Yoga for Awareness

and Letting Go

Swami Dharmananda

Swami Dharmananda

Assistant Director

Swami Dharmananda is a faculty of the Sivananda Institute of Health (SIHY) and is one of the main teachers of Yoga Philosophy and Meditation at the Ashram. 

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Yoga is not escaping life, but facing life’s difficulties with detachment and fortitude.

Swami Vishnudevananda said, “If you are carrying some heavy luggage on your head and you are crossing a river and the water is now up to your head but you still want to hold the valuable bundle on your head, the more you try to hold it, what will happen? The more you will go underwater. The more you throw it away, the freer you are to swim across and save yourself.”

Yoga shows us how to let go of our luggage, i.e., the useless negative thoughts and emotions that keep us from knowing the peace we truly seek. Too many times the difficulty comes to us and we don’t have the tools to “cross the river”.

We instead try to escape from the situation or deny the situation rather than living our life with open eyes and an open heart.

Swami Dharmananda talks during a Satsang at the Sivananda Yoga Farm.

Often, we act out of long-established stress patterns that find their root in fear, attachment, and desire. The fight/flight response has caught us and suddenly our choices are very limited. 

I can run from this or I can fight through this. Either way, the threat to my well-being seems real and tangible. Under the influence of this perceived threat, we are less able to connect to our own innate wisdom and are more likely to fall prey to negative emotions or extreme thoughts. 

To compensate for these uncomfortable emotional states, we fall back to tried and true habits such as smoking, drinking, eating unhealthy foods, unhealthy relationships, etc.

Yoga teaches us how to “let go” and to detach from these stress patterns and the behaviors that follow them. We learn how to keep calm even when a strong negative emotion such as anger arises. To detach means to witness the anger, understanding that we are not the emotion.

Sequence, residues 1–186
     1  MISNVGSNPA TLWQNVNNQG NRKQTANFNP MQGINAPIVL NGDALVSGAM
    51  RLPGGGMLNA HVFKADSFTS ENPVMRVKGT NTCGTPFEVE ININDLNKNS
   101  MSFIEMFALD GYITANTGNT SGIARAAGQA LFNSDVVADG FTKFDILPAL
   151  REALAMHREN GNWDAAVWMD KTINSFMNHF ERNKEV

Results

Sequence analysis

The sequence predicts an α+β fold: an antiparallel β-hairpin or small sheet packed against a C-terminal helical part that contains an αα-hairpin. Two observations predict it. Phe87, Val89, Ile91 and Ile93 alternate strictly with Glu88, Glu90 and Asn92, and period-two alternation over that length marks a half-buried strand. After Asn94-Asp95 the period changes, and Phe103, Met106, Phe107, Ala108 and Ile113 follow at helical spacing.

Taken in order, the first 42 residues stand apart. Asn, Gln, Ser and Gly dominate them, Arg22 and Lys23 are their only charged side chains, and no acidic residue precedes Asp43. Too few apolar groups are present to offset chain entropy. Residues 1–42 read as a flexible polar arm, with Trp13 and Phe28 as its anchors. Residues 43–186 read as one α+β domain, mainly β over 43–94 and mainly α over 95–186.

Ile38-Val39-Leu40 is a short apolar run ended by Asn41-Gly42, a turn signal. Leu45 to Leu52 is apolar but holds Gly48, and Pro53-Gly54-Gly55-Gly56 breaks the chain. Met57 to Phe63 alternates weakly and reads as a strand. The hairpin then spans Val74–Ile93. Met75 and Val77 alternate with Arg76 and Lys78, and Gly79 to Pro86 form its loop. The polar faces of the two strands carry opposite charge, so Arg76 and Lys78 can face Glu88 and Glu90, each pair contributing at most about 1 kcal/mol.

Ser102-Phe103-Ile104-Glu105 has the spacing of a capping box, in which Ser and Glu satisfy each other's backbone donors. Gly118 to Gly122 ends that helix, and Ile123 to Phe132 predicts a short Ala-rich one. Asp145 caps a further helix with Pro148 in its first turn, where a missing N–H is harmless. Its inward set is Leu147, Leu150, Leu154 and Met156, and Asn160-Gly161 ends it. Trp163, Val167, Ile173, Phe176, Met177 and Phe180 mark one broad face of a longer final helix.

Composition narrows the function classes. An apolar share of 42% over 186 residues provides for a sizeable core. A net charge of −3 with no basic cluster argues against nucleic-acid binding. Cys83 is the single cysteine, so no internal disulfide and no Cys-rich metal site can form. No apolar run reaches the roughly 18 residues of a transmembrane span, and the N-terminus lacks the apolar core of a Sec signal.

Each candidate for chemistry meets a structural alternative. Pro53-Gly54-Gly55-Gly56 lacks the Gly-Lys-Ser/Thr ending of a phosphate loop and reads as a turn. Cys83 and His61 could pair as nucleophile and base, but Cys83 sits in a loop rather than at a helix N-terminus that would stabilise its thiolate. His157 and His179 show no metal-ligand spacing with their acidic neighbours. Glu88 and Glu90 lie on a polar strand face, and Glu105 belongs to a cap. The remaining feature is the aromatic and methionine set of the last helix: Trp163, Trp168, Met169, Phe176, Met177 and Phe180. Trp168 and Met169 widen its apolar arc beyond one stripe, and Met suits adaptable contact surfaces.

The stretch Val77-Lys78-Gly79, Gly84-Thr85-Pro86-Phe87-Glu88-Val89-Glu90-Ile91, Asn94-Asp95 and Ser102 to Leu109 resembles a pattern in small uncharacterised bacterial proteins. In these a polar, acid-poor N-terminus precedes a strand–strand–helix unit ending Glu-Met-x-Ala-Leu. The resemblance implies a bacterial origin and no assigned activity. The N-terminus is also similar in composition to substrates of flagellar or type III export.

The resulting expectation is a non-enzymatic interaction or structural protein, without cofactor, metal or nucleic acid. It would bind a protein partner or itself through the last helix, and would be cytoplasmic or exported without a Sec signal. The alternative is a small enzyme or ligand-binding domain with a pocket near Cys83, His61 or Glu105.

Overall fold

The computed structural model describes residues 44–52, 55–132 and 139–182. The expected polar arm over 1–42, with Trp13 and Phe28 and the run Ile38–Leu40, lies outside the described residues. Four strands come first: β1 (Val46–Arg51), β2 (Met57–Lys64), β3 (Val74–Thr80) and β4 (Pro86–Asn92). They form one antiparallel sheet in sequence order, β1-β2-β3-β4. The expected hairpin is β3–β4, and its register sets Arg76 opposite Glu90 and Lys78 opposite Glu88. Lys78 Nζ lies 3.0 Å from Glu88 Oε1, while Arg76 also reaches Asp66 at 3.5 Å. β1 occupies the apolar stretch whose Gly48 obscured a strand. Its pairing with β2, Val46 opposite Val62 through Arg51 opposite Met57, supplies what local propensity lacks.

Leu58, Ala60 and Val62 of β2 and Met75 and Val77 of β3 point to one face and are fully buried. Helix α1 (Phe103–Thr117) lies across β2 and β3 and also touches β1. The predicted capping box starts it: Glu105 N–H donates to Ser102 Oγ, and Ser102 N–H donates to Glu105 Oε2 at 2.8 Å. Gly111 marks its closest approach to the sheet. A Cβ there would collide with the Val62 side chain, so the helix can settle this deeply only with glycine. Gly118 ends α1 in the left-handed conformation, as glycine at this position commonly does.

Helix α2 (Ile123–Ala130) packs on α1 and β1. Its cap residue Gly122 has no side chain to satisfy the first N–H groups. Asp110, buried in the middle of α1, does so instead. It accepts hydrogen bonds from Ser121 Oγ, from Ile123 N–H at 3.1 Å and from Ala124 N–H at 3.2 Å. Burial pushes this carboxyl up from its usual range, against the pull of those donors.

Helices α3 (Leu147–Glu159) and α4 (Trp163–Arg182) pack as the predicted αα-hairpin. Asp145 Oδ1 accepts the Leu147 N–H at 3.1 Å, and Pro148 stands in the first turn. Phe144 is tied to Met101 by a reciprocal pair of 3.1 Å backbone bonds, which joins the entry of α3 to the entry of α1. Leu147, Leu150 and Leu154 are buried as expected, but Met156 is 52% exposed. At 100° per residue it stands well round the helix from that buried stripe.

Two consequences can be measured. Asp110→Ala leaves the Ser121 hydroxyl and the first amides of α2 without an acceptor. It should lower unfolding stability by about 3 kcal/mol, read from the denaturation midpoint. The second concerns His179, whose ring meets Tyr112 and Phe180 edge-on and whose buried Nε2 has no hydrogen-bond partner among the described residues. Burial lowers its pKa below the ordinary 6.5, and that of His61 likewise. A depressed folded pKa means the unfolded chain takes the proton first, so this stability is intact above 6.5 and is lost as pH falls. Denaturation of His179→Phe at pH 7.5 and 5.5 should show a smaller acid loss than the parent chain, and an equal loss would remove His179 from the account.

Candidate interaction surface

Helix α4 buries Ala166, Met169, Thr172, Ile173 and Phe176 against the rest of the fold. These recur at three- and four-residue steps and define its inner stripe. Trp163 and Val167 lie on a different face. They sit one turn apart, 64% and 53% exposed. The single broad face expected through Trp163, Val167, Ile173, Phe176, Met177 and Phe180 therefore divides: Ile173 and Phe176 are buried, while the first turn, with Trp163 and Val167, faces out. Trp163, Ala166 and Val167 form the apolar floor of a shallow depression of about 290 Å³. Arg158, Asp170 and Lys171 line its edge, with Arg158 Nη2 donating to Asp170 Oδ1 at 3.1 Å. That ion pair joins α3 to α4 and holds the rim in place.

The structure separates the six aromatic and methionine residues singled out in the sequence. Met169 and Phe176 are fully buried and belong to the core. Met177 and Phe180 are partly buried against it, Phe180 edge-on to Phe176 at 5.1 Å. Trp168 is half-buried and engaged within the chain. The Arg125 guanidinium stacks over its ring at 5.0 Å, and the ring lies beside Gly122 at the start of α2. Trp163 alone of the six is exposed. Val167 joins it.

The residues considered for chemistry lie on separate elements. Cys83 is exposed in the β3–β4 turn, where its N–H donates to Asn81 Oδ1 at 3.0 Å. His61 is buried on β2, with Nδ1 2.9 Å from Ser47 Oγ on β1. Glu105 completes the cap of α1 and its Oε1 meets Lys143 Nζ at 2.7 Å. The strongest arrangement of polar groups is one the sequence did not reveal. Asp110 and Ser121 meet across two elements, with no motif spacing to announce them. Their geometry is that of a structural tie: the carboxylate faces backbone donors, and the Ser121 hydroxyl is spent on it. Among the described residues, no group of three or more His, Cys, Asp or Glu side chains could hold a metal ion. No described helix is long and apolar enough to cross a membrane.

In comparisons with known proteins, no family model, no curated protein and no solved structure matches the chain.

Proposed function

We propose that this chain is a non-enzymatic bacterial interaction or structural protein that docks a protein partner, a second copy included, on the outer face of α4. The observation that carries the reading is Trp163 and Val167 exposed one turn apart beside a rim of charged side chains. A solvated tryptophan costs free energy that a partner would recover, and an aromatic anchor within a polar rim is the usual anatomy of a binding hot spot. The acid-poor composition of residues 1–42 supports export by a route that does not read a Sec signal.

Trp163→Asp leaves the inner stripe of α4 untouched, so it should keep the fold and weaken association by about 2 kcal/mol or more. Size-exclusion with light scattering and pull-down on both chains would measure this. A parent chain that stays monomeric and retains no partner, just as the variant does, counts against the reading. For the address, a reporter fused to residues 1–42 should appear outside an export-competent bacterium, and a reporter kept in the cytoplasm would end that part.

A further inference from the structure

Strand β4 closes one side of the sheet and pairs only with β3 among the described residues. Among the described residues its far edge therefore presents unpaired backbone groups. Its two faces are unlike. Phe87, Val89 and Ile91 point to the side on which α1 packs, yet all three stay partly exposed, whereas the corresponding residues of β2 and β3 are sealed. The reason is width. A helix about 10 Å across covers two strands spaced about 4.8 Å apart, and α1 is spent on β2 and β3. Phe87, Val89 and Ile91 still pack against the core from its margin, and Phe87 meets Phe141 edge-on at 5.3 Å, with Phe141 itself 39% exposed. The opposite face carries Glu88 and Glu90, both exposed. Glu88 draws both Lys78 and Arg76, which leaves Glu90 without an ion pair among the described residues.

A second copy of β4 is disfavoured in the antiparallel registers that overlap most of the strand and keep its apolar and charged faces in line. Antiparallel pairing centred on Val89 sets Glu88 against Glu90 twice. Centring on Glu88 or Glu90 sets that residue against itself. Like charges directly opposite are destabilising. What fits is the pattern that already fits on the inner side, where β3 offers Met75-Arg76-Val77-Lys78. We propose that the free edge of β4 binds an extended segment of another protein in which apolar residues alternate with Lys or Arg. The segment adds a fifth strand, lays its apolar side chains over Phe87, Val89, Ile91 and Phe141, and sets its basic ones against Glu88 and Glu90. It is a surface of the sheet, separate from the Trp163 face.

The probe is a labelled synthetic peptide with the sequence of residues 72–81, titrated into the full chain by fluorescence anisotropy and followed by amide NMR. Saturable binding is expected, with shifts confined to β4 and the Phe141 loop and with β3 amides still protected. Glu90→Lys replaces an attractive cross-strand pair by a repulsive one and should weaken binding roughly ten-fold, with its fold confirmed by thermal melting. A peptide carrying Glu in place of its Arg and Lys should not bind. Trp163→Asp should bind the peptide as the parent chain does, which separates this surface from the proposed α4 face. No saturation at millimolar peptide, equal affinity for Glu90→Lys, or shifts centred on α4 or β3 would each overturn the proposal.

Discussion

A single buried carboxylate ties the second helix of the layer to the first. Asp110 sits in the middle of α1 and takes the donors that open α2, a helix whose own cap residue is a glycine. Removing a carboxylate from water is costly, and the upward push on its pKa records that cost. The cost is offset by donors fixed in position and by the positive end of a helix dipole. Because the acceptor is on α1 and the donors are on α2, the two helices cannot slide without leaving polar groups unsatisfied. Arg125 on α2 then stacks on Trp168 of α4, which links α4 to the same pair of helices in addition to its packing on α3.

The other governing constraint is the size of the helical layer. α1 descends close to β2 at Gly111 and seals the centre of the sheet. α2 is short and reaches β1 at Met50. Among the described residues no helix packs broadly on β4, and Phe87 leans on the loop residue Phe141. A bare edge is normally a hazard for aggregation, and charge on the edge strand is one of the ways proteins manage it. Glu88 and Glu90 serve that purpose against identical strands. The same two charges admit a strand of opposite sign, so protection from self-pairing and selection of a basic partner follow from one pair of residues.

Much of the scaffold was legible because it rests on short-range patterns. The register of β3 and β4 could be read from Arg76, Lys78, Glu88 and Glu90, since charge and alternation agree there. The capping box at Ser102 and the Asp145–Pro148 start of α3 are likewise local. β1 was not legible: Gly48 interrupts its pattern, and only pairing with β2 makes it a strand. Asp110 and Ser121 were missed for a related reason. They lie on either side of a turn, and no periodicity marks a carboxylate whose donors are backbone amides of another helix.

Students meditate overlooking a view of a pond.

Meditation is one Yoga practice that helps to build awareness and detachment from the mind.

We can say, “I see there is anger in my mind,” rather than succumbing to the anger itself.  We remain peaceful even when circumstances seem to go against us or don’t meet our own rigid expectations.

Swami Sivananda says, “Fortitude is a sweet mysterious mixture of courage, calmness, patience, presence of mind and endurance.” Fortitude is our capacity to endure difficult or stressful situations.

It is based in detachment and discrimination, being able to tell what is real from what is not real. It is understanding that karma is to be experienced and lessons are to be learned.

Students practice Yoga asana as the teacher demonstrates.

Daily Yoga is a powerful practice with many benefits, such as more positivity and less stress.

Through daily Yoga practice we gain awareness of negative emotions and thought patterns. Through trial and error we transform the negative to positive, freeing ourselves from expectations, desired outcomes, and disappointments.  

Swami Sivananda adds, “Every failure is a stepping-stone to success. Every difficulty or disappointment is a trial of your faith. Every unpleasant incident or temptation is a test of your inner strength. Therefore, nil desperandum. March forward hero!”


  1. Loraine Prichard

    A rather loose translation of nil desperandum, which actually means do not despair. I think this is even more encouraging than the original comment of March forward hero. It doesn’t seem heroic to pursue one’s personal awareness.

  2. Grace Anglin

    Thank you for your words and reminders. Ironically I was listening to Eckhart Tolle at the gym this morning and the same topic came up in his lecture. Guess I needed to hear the message again.

    • Swami Adi Parashaktiananda

      Thank you for sharing. We are glad to re-affirm this important message for you.


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